The average Canadian spends 43% of their income on tax according to Edmonton bookkeeping, and entrepreneurs pay significant portion of their earnings towards tax as well. Because of this, business owners should always be ensuring the accuracy of the tax payable and tax expense accounts on their financial statements. Since there are so many tax payable accounts, a total of five, that business owners need to be careful that they are not co-mingling the payments by accident. By ensuring the accuracy of these tax accounts on their financial statements, business owners can ensure the overall accuracy of these statements are more correct making them better tools for making important financial decisions in their business with.

When business owners are reviewing their tax expense and tax payable accounts, should understand the difference between all of the various accounts says Edmonton bookkeeping. The tax expense account is where accountants will post once a year the amount of tax that a business owner owes in their business. This happens when the accountant is working on the businesses year end taxes, and has nothing to do with the tax payments that business owners make. Once the accountant gets the amount of taxes that the business owner owes, they make an entry into this account. Throughout the year, business owners should ensure that nothing is being posted to this account accidentally, and it is a great way for business owners to check the accuracy of their statements. If they notice something has been entered here, they can be sure that it is an error that can easily be fixed.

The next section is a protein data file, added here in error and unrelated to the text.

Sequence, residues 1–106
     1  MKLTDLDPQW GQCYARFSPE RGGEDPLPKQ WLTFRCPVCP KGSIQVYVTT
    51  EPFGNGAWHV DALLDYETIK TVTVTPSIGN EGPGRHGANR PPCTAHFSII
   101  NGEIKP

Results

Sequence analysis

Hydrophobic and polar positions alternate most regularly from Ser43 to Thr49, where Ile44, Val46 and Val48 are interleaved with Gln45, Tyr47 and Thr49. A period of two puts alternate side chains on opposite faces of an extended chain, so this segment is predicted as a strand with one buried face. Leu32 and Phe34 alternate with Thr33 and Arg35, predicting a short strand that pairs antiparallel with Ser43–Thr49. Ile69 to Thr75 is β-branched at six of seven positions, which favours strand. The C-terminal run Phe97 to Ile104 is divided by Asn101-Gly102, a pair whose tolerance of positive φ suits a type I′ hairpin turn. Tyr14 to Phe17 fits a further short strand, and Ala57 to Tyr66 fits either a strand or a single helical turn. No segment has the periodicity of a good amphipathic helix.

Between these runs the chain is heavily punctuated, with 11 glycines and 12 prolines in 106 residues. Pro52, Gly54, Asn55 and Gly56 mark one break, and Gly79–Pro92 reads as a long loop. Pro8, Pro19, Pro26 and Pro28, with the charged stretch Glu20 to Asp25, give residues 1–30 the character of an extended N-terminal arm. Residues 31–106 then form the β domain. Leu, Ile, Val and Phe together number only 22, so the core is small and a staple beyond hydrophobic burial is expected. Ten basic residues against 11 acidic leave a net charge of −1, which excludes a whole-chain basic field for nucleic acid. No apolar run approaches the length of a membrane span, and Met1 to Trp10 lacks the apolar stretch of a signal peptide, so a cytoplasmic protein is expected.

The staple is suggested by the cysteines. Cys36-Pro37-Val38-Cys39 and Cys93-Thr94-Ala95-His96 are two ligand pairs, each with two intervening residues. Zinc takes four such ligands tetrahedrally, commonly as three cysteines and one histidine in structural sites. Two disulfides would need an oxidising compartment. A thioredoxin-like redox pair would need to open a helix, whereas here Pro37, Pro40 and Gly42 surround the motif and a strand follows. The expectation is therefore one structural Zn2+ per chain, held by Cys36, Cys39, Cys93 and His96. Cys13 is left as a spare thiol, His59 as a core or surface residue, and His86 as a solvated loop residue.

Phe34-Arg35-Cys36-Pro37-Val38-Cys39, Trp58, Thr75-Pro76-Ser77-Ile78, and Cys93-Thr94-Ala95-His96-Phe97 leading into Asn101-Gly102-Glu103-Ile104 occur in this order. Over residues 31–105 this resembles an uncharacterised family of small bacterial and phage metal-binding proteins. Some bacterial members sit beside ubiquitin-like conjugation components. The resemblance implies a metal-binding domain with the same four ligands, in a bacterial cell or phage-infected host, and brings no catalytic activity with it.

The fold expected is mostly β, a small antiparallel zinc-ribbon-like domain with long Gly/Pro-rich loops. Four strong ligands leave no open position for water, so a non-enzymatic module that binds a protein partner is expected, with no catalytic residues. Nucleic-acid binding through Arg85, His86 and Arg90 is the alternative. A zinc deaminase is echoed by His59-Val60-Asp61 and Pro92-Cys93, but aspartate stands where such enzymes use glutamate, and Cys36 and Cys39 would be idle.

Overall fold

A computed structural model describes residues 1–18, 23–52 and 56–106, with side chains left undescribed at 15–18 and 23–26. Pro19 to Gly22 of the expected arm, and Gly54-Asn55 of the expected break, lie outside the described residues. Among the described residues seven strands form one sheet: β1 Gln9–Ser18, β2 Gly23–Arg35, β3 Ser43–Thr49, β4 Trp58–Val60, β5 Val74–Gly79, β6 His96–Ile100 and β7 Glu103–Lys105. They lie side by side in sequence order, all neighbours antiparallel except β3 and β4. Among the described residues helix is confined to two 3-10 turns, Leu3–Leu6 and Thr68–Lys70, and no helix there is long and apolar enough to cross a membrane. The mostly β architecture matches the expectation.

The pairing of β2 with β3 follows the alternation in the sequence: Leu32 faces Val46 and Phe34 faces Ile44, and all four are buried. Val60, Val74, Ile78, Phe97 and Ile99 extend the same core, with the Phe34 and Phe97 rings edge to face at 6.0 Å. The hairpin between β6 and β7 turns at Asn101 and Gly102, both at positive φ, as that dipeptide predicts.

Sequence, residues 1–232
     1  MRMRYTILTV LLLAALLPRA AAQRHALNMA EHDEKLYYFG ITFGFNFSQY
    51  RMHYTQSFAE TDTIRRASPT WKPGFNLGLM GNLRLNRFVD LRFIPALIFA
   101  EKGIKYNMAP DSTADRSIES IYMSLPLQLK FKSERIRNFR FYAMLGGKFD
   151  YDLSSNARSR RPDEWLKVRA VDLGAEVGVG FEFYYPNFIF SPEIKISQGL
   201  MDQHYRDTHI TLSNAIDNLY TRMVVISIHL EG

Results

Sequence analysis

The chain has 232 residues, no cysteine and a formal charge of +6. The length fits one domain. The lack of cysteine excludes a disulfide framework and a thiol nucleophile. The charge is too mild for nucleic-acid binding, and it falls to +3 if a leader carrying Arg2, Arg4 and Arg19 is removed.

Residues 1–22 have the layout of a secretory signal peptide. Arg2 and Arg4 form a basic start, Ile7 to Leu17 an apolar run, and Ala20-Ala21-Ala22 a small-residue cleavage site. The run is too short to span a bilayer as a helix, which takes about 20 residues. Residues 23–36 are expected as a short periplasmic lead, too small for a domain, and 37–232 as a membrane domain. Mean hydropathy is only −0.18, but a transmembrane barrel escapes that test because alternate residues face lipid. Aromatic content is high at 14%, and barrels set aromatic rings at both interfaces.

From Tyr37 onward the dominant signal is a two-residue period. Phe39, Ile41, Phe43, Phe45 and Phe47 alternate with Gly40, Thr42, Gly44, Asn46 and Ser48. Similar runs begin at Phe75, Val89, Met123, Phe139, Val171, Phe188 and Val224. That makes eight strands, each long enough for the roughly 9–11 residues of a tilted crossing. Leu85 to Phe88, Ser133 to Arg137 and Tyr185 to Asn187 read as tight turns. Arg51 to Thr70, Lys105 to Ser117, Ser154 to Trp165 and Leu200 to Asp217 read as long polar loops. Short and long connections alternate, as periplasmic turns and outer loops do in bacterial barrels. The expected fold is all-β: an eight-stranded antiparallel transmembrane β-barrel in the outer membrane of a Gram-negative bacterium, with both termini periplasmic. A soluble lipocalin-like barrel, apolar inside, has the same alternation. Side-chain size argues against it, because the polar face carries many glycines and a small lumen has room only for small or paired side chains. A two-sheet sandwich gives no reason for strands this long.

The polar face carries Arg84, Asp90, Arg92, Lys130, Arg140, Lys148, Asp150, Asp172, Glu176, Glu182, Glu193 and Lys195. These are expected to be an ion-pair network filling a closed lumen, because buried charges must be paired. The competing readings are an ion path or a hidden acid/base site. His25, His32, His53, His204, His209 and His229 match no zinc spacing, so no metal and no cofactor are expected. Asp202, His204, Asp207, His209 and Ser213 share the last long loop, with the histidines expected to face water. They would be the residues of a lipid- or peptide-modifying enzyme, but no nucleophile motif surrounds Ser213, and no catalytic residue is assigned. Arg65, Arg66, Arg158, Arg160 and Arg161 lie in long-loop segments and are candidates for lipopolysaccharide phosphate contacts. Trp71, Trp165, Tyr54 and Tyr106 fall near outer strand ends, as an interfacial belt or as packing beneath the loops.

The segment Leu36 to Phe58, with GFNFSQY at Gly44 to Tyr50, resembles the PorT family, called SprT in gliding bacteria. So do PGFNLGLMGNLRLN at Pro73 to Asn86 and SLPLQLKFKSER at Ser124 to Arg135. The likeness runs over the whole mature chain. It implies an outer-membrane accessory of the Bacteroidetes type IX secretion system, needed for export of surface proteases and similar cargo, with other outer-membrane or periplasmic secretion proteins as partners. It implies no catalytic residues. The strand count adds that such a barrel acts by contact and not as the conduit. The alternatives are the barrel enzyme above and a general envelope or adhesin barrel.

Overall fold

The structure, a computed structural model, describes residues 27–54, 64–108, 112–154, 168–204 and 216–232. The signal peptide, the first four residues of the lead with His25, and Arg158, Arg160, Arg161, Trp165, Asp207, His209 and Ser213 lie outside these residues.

Edmonton bookkeeping says that the tax payable accounts are another area that business owners can easily check. There is the federal tax payable account which is where payments to Canada revenue agency should be posted. The provincial tax payable account which is where provincial taxes should be posted. There is also the GST payable tax accountant where every time a business owner pays GST should be posted, whether that is monthly, quarterly or yearly. There is also the payroll tax payable accounts and there should be 2. One is for when a business owner takes the source deductions from their staffís paychecks, and the other one is for the CPP that the employer contributes. Amounts into these 2 payable accounts should be posted whenever a business owner does payroll, whether it is every 2 weeks, twice a month or monthly.

Edmonton bookkeeping says that if entrepreneurs are familiar with how often payments should be posted to each of these accounts, it can make it much easier to detect errors. If an amount was entered into the GST payable account more than once º, business owners can be ensure that it is an error. If payments are being posted to the payroll account more often then once every 2 weeks, that is also an error. These are easy ways for business owners to detect the accuracy of their financial statements